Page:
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Chipotle updating stores to accommodate digital customers

Matthew McNulty

Chipotle is getting a makeover as the restaurant focuses its attention on digital orders.

The popular Mexican food franchise will be testing restaurant designs as the brand looks to bolster its billion-dollar digital business, the company announced in a recent press release.

Walk-up windows, digital order pick-up portals, and other in-restaurant features with an eye toward making it easier for delivery drivers and customers to order from their phones and computers are being installed to make the restaurants more efficient, chief technology officer Curt Garner said in the press release.

"By better suiting our restaurants to accommodate the digital business, we're able to finalize orders more effectively and provide a better overall experience for our guests," Garner said.

The franchise’s new design is meant to capture the brand’s 'commitment to transparency,' with open views into the restaurant’s kitchen area, where customers can watch crew members prepare their food in real-time, Tabassum Zalotrawala, Chipolte's chief development officer, said. Bottled beverages will be easier to access for customers as well, with a reach-in cooler being installed into the serving line, according to the company.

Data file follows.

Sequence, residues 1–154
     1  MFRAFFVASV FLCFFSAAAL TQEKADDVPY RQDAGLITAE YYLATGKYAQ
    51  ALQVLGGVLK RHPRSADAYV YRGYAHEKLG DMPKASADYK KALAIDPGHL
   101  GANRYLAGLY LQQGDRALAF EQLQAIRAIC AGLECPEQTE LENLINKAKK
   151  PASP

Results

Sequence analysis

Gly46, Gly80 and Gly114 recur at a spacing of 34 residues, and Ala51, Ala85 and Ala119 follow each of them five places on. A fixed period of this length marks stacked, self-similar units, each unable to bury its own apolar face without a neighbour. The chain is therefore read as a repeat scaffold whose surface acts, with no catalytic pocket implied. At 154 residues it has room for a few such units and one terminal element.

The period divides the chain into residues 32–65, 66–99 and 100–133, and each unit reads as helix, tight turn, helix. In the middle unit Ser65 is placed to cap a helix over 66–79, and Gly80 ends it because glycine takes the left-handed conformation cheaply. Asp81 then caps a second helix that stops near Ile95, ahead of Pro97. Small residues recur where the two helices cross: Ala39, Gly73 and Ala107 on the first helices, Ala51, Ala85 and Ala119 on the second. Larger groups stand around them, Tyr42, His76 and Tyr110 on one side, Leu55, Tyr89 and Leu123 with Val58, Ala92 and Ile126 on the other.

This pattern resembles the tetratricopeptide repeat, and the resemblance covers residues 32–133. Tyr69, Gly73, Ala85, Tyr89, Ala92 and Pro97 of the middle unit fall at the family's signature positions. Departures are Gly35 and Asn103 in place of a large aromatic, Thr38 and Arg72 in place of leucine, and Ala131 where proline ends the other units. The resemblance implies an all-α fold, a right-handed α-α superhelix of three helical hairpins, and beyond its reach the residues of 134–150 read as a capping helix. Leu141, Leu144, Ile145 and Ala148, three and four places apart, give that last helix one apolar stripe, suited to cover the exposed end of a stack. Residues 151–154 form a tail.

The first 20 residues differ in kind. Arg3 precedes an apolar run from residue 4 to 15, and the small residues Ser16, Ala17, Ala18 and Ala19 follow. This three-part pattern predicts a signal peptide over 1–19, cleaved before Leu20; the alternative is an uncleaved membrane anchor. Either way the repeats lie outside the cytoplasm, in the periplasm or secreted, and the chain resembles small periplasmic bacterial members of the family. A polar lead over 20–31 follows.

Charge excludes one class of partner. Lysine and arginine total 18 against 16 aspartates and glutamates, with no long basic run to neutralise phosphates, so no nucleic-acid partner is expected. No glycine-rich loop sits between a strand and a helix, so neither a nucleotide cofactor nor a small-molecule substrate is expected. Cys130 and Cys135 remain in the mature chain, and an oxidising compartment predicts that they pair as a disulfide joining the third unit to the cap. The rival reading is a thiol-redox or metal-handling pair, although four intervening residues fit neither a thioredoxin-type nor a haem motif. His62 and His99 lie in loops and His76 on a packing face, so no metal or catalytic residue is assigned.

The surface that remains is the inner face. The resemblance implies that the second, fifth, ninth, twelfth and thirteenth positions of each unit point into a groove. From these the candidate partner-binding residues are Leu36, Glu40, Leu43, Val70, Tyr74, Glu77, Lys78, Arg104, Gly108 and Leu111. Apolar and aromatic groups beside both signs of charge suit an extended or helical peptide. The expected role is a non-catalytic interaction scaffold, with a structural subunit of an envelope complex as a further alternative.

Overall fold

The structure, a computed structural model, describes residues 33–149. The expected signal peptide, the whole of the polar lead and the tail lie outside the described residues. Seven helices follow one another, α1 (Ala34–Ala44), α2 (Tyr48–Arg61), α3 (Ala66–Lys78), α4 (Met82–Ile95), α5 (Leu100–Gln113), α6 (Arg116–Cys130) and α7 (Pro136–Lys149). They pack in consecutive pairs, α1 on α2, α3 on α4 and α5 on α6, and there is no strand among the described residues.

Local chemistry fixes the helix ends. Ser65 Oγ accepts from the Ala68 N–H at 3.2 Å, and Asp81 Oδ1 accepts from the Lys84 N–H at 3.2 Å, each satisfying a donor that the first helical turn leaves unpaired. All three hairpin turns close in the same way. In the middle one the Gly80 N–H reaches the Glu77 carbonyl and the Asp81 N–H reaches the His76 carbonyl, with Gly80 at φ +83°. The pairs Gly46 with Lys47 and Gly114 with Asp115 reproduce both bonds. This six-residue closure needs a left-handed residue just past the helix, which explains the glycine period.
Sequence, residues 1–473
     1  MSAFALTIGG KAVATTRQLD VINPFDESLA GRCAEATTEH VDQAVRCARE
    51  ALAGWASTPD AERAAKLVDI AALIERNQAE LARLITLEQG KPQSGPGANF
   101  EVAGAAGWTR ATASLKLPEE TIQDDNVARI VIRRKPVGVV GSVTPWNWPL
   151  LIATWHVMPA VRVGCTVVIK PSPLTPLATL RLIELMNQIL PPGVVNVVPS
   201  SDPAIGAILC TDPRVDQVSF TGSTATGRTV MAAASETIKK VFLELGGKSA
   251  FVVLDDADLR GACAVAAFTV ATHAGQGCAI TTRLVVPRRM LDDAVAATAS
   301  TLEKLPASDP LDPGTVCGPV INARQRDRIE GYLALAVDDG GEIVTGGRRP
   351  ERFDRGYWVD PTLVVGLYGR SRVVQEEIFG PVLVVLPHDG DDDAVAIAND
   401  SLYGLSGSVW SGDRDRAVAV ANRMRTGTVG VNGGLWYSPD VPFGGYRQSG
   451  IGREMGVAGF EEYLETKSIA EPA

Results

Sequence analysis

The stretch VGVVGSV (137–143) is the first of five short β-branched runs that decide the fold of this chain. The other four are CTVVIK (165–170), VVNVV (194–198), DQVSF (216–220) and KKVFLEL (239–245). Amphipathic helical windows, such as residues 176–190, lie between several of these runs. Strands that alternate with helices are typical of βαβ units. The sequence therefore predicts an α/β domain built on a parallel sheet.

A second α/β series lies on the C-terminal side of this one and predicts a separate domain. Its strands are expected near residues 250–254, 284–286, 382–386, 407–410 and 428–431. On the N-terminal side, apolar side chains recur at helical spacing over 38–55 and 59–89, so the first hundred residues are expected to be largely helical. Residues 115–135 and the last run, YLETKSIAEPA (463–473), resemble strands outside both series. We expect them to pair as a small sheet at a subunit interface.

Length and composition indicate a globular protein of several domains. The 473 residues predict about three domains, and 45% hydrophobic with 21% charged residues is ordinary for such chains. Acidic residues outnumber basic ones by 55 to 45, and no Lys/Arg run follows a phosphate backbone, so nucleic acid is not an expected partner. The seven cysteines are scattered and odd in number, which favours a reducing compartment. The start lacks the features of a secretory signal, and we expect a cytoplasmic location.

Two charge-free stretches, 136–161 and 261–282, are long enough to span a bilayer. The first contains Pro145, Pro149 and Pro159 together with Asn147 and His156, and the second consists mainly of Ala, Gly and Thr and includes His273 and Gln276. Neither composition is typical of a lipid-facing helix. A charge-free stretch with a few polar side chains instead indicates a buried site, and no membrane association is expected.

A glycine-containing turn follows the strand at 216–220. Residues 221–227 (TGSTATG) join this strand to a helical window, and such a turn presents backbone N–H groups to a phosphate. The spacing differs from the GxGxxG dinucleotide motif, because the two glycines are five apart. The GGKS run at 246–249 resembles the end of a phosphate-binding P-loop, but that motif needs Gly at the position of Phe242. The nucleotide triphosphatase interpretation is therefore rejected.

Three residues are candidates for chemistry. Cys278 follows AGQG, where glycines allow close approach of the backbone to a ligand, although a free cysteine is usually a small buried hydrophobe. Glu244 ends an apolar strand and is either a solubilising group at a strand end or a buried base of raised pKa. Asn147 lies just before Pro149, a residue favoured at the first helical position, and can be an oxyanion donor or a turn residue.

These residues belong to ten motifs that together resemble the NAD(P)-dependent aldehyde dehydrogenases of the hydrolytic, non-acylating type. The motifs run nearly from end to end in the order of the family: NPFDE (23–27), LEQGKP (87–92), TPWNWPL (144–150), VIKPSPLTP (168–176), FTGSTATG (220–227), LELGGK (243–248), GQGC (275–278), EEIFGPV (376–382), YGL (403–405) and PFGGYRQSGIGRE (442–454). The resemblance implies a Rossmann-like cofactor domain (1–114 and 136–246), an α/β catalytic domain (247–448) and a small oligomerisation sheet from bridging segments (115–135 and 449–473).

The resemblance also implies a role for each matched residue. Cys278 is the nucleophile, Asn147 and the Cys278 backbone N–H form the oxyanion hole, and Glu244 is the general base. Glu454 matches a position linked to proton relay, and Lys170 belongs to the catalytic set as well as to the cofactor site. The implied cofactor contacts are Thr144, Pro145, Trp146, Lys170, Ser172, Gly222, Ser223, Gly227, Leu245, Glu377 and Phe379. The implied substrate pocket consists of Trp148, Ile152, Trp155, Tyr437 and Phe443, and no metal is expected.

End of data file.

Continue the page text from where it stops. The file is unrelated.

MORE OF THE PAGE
Zalotrawala states that the openness of the brand’s restaurant design will help to increase communication amongst customers and employees while creating a sense of community within Chipotle restaurants.

"While we are staying true to Chipotle's heritage, we are also excited to integrate new, innovative physical features into the restaurant that complement our growing digital business," Zalotrawala said. "Our eco-friendly, natural aesthetic and locally sourced approach to this design builds on our strong brand values and mission of cultivating a better world."

As the company renovates its restaurant to accommodate the designs, Chipotle will be assessing the performance of each restaurant for customer feedback, transactions and the capacity to incorporate future menu items before deciding which aspects of the designs will be applied to locations nationwide.

The franchise has good reason to invest more in its digital offerings, as digital sales totaled $206 million in fourth quarter, and the company had an average of more than a million digital transactions a week, according to QSR Magazine.

The updated store designs will be tested at an urban storefront location in Chicago, and a location in Phoenix equipped with a Chipotlane, the franchise’s drive-thru lanes. Meanwhile, two retrofit restaurants located in San Diego and Newport Beach will also be used to test the digital friendly designs, according to the company.

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